The Senate health bill allows sates to form “compacts” to sell policies across state lines and permits insurers to market so-called ‘national plans.’ Under the bill, insurers in the individual and small group markets “may offer a qualified health plan nationwide, which is subject to only the State benefit mandate laws of the State in which the plans are issued.” Insurers are required to “provide the essential benefits package and states can enact “a law to opt out of allowing the offering of nationwide plans.”
Progressives maintain that the policy would allow health insurers to circumvent critical consumer regulations and further fragment risk pools. As Jon Walker explains, “these nationwide health plans will, in effect, gut state health insurance regulations and create a race to the bottom. What will likely happen is what happened with the credit card industry — all the card companies moved to the two states with the absolute lowest regulations”:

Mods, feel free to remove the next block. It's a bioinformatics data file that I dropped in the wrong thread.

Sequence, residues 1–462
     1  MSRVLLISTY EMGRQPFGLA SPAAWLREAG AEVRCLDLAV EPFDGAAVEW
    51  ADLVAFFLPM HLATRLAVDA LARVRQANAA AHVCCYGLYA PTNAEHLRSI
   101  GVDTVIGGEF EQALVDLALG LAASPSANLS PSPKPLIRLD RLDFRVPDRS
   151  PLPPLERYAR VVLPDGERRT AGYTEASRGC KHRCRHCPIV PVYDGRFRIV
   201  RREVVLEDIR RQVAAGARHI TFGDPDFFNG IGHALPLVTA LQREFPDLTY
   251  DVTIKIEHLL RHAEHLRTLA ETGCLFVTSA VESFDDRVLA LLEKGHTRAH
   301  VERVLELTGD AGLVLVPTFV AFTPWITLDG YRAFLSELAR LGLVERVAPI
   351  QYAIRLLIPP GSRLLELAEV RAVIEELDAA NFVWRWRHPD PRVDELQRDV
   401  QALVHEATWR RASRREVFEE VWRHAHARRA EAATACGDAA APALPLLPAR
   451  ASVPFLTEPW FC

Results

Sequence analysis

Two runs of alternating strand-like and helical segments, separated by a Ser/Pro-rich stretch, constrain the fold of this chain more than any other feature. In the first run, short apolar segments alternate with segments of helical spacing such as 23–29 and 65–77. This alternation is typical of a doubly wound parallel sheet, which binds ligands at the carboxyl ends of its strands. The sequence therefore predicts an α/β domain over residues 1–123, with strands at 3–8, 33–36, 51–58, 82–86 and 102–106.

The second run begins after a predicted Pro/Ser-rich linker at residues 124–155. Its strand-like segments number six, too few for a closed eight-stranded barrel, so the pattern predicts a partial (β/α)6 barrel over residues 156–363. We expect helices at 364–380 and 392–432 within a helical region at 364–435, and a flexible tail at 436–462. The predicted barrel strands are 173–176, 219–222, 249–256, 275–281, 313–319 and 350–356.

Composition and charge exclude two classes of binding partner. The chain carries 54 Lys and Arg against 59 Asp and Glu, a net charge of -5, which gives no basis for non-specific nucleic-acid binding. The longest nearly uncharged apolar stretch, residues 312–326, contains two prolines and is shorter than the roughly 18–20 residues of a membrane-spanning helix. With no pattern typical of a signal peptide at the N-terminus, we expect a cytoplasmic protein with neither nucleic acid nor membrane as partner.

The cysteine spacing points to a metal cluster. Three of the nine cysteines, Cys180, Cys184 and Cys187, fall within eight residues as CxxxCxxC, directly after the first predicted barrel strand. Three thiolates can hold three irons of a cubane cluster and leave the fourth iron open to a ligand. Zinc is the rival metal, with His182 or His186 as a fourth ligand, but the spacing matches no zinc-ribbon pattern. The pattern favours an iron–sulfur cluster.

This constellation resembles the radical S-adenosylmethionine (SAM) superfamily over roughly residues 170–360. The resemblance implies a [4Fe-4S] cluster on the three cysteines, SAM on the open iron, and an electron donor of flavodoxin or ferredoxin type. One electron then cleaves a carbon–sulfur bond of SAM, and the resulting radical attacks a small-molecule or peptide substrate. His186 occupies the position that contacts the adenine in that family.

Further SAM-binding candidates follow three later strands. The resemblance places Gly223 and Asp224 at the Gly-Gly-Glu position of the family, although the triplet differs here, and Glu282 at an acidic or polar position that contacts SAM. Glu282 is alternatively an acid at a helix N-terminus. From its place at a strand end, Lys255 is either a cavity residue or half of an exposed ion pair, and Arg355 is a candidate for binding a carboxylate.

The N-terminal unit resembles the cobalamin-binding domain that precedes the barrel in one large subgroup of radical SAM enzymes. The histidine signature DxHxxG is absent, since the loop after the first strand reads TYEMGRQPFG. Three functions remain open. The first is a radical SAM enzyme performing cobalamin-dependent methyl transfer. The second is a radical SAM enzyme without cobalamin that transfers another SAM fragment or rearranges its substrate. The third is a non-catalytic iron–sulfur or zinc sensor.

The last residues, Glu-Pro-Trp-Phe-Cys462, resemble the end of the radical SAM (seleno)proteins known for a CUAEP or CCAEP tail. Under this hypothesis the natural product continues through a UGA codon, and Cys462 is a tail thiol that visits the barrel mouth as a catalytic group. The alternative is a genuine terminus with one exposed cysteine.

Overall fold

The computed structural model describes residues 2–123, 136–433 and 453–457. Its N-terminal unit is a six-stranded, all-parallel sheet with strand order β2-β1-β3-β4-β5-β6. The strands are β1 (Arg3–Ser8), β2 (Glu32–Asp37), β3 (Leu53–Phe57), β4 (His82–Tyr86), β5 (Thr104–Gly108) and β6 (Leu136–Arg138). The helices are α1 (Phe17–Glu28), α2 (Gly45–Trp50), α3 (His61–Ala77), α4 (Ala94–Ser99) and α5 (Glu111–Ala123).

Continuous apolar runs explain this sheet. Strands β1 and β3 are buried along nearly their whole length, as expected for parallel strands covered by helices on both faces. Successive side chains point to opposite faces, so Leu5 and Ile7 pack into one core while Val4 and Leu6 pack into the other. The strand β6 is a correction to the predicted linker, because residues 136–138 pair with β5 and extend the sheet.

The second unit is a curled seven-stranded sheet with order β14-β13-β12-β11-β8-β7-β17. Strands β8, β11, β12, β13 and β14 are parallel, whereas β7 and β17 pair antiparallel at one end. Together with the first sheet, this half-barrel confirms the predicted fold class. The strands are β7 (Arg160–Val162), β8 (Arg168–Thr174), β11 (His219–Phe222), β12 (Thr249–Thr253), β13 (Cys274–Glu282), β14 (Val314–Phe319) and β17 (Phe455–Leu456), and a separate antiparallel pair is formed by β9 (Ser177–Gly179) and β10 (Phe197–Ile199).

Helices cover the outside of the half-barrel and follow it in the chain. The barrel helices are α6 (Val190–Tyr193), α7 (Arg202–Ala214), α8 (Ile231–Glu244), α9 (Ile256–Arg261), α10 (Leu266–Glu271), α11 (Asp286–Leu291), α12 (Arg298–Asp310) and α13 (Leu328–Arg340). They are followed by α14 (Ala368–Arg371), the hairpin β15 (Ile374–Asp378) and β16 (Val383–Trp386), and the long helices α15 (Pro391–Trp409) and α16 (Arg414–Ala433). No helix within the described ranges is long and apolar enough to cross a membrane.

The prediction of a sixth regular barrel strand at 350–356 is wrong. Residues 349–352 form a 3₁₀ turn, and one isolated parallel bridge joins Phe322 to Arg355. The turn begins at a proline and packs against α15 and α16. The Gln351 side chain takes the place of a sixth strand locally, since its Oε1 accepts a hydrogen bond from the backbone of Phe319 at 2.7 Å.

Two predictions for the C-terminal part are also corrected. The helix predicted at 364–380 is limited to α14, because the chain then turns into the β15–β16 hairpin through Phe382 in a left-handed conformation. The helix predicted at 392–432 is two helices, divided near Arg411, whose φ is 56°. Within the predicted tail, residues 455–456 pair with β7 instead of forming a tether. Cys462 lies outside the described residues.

I can easily envision a scenario in which insurance companies stop selling in-state plans that meet the state benefit requirements laws, and only offer nationwide plans in those states. States that don’t opt out will lose their ability to make sure insurance companies cover what the people of those states think is essential.
Well now, Sens. Olympia Snowe (R-ME), Mary Landrieu (D-LA) and Blanche Lincoln (D-AR) have offered an amendment that would deny states the option to ‘opt out’ of “the offering of nationwide plans.” SA 2859 deletes the state opt out language and adds rating requirements to the plan requirements. If the amendment is adopted, the national plans would be required to offer a standard benefits package and abide by the rating rules in any state the policy is sold (previously, an insurer was only subject to the rate regulations of a single primary state.)
The amendment is a less extreme version of the Republican alternative. A Republican health proposal in the House would have allowed the health insurer to self-designate a “primary state” “whose covered laws shall govern the health insurance issuer” and market policies to other states without adhering “to all of the consumer protection laws or restrictions on rate changes of the state.” In fact, that bill explicitly expanded the definition of ‘State’ to allow insurers to designate the Virgin Islands, Guam, American Samoa and the Northern Marianas as a “primary state.”